Congratulations on your appointment as foreign secretary. You join Ernest Bevin, Herbert Morrison, James Callaghan, Tony Crosland, Robin Cook, Jack Straw and David Miliband in the pantheon. As you mount the Grand Staircase, and stroll around the Locarno Suite and Durbar Court, you will find it hard not to be in awe of your new office. It is hard to believe there was a plan in the 1960s to knock it down and build a new one. Can you imagine what modernist horror would now stand on Whitehall if the vandals had had their way?
In his 1959 book The Labour Case, Roy Jenkins argued that:
there is a real danger that the United Kingdom may become a stagnant economic backwater, cut off from the mainstream of European economic growth.
He went on to argue that:
our true interests will not be served by pretending that we live in a world which has long since disappeared, when our wealth was as great as our aspirations, and a British gunboat was more powerful than the total of Afro-Asian opinion.
If it was true in 1959, when we had bases from Germany to Hong Kong, and our aircraft carriers had planes on them, it is magnified many times over today. Your job as a Labour foreign secretary should therefore not be one of managing the decline of Britain’s influence, from the grandeur of Gilbert Scott’s Foreign and Commonwealth Office, but instead defining a new role. Cook tried ‘ethical foreign policy’ in his first weeks. Tony Blair invented our modern understanding of liberal interventionism in his 1999 Chicago speech. You need a doctrine, one which places us at the heart of world affairs, but neither as world’s aid donor, nor world’s policeman.
The first job is not Europe. It is repairing the relationship with the United States. They are still sore at us for scuppering the opportunity to intervene to prevent the massacre in Syria. You need to build a good relationship with Barack Obama and secretary of state John Kerry. In theory, our shared progressive agenda should open doors. But get on the plane this week, and go to Washington.
Second, you need to look east. A theme for your tenure on this job should be forging new links with China. Our destiny is linked to China more than any other state. Go to Beijing this month. If you want to see economic growth, visit a Chinese city with more than a million citizens – there are over 100 to choose from. Europe has 35, and the US nine. Visit one of the 2,000 universities, with their six million students. If you want to see an efficient, modern civil service, visit the Party School in the Haidian district of Beijing and see how they train their public leaders. The Chinese are building 82 new airports right now – which makes our controversy over one new runway at Heathrow look a bit pathetic. The world is tilting eastwards, and we need to tilt with it.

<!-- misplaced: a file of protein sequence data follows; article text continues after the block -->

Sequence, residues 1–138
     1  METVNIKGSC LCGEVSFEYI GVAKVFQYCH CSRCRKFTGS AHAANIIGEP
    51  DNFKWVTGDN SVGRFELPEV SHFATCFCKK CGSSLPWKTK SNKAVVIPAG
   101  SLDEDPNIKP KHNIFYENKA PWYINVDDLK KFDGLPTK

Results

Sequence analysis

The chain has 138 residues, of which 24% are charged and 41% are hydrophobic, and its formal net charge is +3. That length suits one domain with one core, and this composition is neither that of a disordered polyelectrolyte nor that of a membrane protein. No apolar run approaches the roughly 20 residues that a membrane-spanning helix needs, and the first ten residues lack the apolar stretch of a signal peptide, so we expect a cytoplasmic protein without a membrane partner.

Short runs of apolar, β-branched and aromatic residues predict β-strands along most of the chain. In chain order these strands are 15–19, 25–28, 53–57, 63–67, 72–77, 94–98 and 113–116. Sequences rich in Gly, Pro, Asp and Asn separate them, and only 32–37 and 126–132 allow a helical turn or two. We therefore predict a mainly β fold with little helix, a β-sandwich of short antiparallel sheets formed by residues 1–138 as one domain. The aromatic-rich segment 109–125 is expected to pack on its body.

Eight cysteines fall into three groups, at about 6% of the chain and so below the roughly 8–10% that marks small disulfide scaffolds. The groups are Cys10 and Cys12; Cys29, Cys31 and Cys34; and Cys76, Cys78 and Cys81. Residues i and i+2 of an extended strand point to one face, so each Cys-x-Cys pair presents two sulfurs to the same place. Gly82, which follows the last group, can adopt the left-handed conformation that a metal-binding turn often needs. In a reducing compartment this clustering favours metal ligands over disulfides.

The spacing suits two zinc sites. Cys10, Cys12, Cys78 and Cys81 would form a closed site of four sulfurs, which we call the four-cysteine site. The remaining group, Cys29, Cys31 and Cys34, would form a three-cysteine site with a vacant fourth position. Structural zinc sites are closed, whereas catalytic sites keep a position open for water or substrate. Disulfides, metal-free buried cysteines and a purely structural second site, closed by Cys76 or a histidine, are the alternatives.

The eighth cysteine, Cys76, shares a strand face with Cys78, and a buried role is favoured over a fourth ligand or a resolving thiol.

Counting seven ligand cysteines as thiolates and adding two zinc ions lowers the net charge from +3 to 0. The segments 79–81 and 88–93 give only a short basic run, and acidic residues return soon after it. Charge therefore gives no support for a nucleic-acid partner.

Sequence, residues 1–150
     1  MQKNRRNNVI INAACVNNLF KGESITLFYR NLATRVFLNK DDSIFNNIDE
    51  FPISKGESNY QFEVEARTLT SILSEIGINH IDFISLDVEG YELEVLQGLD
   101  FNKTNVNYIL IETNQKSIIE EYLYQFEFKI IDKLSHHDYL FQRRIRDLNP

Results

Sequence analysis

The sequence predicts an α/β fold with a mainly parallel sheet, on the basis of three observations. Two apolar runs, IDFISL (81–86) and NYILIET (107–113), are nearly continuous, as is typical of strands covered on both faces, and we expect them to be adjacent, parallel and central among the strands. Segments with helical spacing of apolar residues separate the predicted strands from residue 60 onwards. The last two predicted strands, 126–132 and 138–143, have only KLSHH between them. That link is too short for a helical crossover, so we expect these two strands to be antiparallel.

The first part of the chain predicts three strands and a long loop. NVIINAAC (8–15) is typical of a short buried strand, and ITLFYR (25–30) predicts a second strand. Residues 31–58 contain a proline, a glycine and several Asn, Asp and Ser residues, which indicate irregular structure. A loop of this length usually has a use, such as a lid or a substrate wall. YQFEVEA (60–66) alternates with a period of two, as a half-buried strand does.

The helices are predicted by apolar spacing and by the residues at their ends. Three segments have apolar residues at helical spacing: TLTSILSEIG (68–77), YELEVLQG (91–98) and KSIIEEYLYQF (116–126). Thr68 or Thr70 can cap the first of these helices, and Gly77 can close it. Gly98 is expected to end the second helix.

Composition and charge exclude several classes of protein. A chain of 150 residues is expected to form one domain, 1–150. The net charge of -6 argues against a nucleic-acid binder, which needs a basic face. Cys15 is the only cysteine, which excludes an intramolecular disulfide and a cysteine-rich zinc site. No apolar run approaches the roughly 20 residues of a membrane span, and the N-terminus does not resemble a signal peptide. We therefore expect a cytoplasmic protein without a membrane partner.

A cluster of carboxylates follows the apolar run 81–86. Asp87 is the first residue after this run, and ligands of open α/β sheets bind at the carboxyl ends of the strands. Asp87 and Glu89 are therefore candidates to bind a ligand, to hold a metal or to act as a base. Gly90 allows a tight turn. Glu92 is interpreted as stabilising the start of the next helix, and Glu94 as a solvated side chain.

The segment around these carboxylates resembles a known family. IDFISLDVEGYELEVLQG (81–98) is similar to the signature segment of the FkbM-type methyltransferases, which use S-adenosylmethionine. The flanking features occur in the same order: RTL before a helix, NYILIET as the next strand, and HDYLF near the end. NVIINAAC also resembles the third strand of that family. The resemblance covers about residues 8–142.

Third, Africa. Britain is uniquely placed to benefit from the rise of Africa. Unlike the French and the Belgians, our retreat from Empire was reasonably ordered, and in most places they still like us. Ask officials for the latest African growth rates. The overall growth rate in sub-Saharan Africa is around five per cent. But look deeper at places such Sierra Leone, Tanzania, and the Democratic Republic of Congo, where growth is motoring ahead. British foreign policy must shift away from seeing Africa as either a series of basket cases to which to donate aid, or a collection of Commonwealth countries for Prince William to visit. On your watch, Britain can become an equal economic partner with the great nations of Africa as they make their ascendancy. You could start by asking for a briefing with Tony Blair’s Africa Governance Initiative, which has done great work over five years.
Europe, really? Must we? The last government left us quite a mess to clean up. You will need to repair the damage, but I advise that this is mostly the job for the minister for Europe (you can see my previous memo to them, here). You will need to navigate the forthcoming referendum, and ensure that we win it. You will need to meet the leaders of France and Germany when you get back from Washington next week. Britain’s interests lie firmly in Europe, as Jenkins correctly wrote all those years ago.
The Middle East is in flames. The Arab Spring has turned into a long, cold winter. Russia is out of control. The US is becoming increasingly isolationist. Across the globe, populations are on the move in their millions, water is running short, the seas are rising, Islamism is on the march and nation states are disintegrating into their religious and ethnic components. The point is you cannot fix it all, or even any bit of it, even if we still had a gunboat. But you can try to leave office with Britain’s reputation a little higher, our trade a little more buoyant, our partnerships more fruitful and our own people benefitting from the awesome power of globalisation. If foreign policy means anything, it means helping someone in Swindon get a job.
Progressive centre-ground Labour politics does not come for free.
Our work depends on you.